Growing up in the LDS faith, I was always taught that having a firm testimony was paramount to my salvation. I was taught that the mormons have the complete Truth, and that god only gave the other religions a snippet of it. Having shed that value system, I have since realized that proclaiming to know ANYTHING about the divine is not only ignorant, but inhibitory to spiritual growth. Why would I continue to search for capital T “Truth” if I have convinced myself that I already have it?
My curiosity for theology is insatiable. Thanks to podcasts, books, and loved ones of beautifully diverse backgrounds, I have gained insight from studying faiths from all parts of the globe, and have obtained value from each of them (yes, even Christianity, despite their notoriously violent and abusive history).
As I embarked on my path to spiritual healing after leaving Mormonism, I discovered the Divine Feminine, and how many Eastern and indigenous cultures revere and worship goddesses. In these contexts, femininity is revered in conjunction with the masculine. This type of worship has been sorely missing from my life, as I’ve never once related to all of the typical dude prophets we find in western scripture. I also think it’s a bold assumption that god is a male, or even has a gender to begin with.
I have also learned that there are several modalities for Sacrament. I’ve experienced the power of plant medicine, and have achieved mental states that can only be described as ethereal. These experiences have helped me dive deep into my own consciousness and have empowered me to pursue Truth within myself. They have also connected me intimately with Mother Nature in reverence.
Then there are contemporary spiritual leaders such as Ram Dass, who have taught me to separate the “me” from the “I,” and become the witness of my own emotions and how I react to experiences. This practice has helped me keep trying times into perspective, and to not identify with the negativity that tumultuous events can bring.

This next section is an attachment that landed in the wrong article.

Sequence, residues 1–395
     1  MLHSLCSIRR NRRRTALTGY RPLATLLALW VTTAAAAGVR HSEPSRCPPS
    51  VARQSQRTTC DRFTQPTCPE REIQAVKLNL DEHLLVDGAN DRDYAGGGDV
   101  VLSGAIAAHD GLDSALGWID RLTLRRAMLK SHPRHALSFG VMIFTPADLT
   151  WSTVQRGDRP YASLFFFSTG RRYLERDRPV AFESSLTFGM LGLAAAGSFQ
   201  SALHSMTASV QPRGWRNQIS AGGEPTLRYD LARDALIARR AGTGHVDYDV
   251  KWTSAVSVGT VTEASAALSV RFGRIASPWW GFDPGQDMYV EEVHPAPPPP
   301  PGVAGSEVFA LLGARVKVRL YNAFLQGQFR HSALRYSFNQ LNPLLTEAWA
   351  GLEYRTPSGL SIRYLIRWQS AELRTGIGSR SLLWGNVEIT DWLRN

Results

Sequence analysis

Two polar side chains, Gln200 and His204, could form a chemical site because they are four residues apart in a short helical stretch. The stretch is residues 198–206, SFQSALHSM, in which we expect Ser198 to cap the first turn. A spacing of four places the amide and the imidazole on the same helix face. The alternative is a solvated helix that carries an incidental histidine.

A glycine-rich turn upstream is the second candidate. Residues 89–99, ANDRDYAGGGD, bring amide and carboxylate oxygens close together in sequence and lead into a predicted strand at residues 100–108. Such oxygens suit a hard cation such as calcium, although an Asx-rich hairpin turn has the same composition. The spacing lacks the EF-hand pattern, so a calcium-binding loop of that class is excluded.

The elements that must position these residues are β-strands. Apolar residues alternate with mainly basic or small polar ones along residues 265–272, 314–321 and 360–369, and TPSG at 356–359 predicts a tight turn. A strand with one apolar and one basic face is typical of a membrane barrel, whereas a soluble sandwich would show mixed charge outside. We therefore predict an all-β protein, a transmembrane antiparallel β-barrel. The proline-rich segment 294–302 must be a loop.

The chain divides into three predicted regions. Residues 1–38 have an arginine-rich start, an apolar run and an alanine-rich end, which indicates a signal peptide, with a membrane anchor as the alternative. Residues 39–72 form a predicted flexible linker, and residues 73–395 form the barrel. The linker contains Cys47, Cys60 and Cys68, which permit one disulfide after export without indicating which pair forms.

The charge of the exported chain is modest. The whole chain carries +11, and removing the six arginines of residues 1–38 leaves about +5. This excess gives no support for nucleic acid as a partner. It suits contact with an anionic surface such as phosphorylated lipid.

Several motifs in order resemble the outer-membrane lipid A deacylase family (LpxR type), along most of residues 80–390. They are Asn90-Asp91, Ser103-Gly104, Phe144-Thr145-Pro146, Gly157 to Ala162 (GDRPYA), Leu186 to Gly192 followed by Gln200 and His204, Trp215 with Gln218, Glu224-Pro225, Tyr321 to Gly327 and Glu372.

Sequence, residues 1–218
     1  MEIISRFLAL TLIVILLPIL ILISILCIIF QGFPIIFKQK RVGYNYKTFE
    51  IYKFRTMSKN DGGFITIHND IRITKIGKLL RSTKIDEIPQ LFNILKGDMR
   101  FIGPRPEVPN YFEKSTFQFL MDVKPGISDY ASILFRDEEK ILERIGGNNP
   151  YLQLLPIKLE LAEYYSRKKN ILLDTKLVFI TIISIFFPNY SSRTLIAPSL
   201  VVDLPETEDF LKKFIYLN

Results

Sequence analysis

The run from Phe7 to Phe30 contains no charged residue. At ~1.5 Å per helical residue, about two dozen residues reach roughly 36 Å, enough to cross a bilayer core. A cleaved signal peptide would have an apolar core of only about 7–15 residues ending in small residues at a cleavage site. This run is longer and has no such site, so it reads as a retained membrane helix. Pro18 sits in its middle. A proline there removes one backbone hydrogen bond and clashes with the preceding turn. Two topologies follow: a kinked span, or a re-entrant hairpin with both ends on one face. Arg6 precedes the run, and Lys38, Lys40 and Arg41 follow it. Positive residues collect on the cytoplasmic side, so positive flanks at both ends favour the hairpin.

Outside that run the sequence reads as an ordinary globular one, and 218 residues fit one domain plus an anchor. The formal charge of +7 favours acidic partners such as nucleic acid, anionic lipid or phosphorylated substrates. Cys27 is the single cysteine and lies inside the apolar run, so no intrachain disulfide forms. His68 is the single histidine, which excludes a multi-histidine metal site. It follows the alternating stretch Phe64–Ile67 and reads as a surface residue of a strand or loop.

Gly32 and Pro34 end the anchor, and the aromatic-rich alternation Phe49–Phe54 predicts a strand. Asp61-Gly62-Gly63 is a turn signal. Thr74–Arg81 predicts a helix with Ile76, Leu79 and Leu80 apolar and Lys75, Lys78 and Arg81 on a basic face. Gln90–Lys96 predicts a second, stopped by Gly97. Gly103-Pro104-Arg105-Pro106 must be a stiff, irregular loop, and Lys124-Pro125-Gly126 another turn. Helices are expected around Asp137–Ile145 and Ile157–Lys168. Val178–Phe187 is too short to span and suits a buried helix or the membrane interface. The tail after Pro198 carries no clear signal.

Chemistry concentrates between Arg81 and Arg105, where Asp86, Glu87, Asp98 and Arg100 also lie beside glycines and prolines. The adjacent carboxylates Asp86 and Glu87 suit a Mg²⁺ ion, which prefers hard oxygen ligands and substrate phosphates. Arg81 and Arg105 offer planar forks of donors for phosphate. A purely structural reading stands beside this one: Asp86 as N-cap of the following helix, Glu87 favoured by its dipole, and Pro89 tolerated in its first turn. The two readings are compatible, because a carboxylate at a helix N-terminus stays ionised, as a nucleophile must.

I could type all day about the things I’ve learned and will continue to seek out as I search for Truth and meaning, but I’ll get to the point now. The knowledge that I’ve acquired and pieced together is uniquely mine. Who knows if there’s a god out there somewhere who dictates scripture and triages the dead into whatever degree of glory they earned? Will he withhold my heavenly dwelling from me because my eggs aren’t in one basket? If so, I’m not interested in heaven.
You won’t find me in church. I won’t give precious hours of my time to sit in pews and have gatekeepers of Truth tell me how to interpret my spiritual experiences. I commune directly with the Divine, and the intuition provided to me by my maker is the only guide I need.
In closing, I’d like to bare my testimony. I don’t know that any church is true. I don’t know if there’s a god, to what extent she or he is involved in my life, or whether there’s a warm welcome waiting for me on the other side. I am dedicated to continuously seeking out Truth, regardless of where it comes from. I am committed to not committing to any one dogma, and to actively exploring as many schools of thought as I can. I know that I’m entitled to establishing an eclectic ideology of my own, and that it will ALWAYS be subject to change. I believe that no religion has (or ever will) monopolize Truth. In the name of personal revelation, amen.